+44 (0)1509 263171
Please use this identifier to cite or link to this item:
|Title: ||Dynamic verification of a multi-body computational model of human head and neck for frontal, lateral, and rear impacts|
|Authors: ||van Lopik, D.W.|
|Keywords: ||Cervical spine|
Head and neck
Multi-body computational model
|Issue Date: ||2007|
|Publisher: ||© Professional Engineering Publishing|
|Citation: ||VAN LOPIK, D.W. and ACAR, M., 2007. Dynamic verification of a multi-body computational model of human head and neck for frontal, lateral, and rear impacts. Proceedings of the IMechE, Part K: Journal of Multi-body Dynamics, 221 (2), pp. 199-217|
|Abstract: ||A multi-body computational model of the human head and neck was previously shown
to be in good agreement with experimental findings from actual human cervical spine specimens.
The model segments were tested in three directions of loading showing main and coupled
motions to be accurate and realistic.
The model’s ability to predict the dynamic response of the head and neck, when subjected to
acceleration pulses representing frontal, lateral, and rear-end impacts, is verified using experimental
data derived from sled acceleration tests with human volunteers for 15 g frontal and 7 g
lateral impacts and from isolated cervical spine specimen tests for rear-end impacts. Response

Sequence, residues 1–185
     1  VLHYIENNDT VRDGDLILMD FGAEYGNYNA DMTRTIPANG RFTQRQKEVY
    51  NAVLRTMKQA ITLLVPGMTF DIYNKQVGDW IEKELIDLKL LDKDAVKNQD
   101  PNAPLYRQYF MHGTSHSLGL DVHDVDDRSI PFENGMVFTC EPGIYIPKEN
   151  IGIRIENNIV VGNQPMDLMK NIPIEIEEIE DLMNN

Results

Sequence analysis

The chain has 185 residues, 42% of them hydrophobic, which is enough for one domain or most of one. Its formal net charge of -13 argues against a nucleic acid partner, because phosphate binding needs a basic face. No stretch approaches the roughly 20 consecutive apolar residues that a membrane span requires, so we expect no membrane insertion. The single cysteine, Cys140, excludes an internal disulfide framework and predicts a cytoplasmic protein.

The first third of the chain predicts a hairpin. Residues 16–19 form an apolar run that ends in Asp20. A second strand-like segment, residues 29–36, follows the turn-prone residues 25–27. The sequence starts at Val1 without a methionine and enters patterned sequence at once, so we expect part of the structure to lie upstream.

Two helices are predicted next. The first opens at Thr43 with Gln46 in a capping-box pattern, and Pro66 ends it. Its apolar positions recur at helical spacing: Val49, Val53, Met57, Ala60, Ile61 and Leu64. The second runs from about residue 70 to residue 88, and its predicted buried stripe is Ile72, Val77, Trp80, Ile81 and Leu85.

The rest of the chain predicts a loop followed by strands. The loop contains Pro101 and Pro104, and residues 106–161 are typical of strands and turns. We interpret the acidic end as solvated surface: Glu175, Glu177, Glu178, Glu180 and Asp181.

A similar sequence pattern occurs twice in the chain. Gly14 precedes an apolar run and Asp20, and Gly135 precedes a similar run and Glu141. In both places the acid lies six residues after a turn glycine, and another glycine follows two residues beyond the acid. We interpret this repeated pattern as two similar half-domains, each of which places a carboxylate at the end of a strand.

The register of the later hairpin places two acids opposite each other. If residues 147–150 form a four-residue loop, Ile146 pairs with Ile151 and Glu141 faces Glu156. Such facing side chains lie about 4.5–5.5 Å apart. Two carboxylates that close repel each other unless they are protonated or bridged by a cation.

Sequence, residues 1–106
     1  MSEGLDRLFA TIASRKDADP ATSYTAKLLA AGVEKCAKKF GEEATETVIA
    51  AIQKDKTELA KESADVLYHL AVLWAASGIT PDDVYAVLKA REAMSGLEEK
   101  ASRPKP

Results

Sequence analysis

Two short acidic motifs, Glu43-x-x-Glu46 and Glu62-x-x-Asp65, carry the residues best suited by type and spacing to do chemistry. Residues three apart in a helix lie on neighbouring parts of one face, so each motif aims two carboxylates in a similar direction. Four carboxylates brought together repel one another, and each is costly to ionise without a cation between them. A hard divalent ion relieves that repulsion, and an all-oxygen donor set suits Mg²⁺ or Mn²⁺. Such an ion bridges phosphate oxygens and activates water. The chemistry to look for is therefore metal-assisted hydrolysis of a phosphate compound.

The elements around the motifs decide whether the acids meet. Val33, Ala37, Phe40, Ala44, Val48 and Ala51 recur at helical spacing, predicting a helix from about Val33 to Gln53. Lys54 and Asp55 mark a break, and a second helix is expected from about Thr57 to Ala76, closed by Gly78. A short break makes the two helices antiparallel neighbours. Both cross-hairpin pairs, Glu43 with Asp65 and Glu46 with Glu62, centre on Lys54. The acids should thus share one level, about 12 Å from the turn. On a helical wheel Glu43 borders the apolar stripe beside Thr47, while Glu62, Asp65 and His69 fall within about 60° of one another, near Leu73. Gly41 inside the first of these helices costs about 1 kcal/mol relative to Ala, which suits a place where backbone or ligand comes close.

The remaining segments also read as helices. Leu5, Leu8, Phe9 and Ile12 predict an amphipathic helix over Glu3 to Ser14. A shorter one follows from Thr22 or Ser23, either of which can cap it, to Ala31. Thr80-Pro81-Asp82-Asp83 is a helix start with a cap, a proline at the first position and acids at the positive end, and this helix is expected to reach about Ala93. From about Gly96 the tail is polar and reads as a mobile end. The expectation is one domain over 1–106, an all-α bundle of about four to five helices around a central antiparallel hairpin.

corridors based on sled acceleration tests with human volunteers for frontal and lateral impacts
are used to evaluate the model and investigate the effect of muscle activation on the head–
neck motion. Firstly, the impacts are simulated with both passive and active muscle behaviour.
Secondly, the local loads in the soft-tissue elements during the frontal impact are analysed. For
rear-end impact simulation experiments using ligamentous isolated cervical spine specimens are
used to evaluate the model performance before investigating the effects of muscle tensioning.
Good agreement with human volunteer response corridors resulting from frontal and lateral
impacts, and isolated cervical spine specimen sled test rear-end impact experiments is
demonstrated for the model, highlighting the important role the muscles of the neck play in
the head–neck response to acceleration impacts. The model is shown to be able to predict the
loads and deformations of the cervical spine components making it suitable for injury analysis.|
|Description: ||This is an article from the journal, Proceedings of the IMechE, Part K: Journal of Multi-body Dynamics [© Professional Engineering Publishing ]. It is also available at: http://journals.pepublishing.com/content/119776/?p=266fefa3f73a46f381f6a697583ca356&pi=0|
|Appears in Collections:||Published Articles (Mechanical and Manufacturing Engineering)|
Files associated with this item:
Items in DSpace are protected by copyright, with all rights reserved, unless otherwise indicated.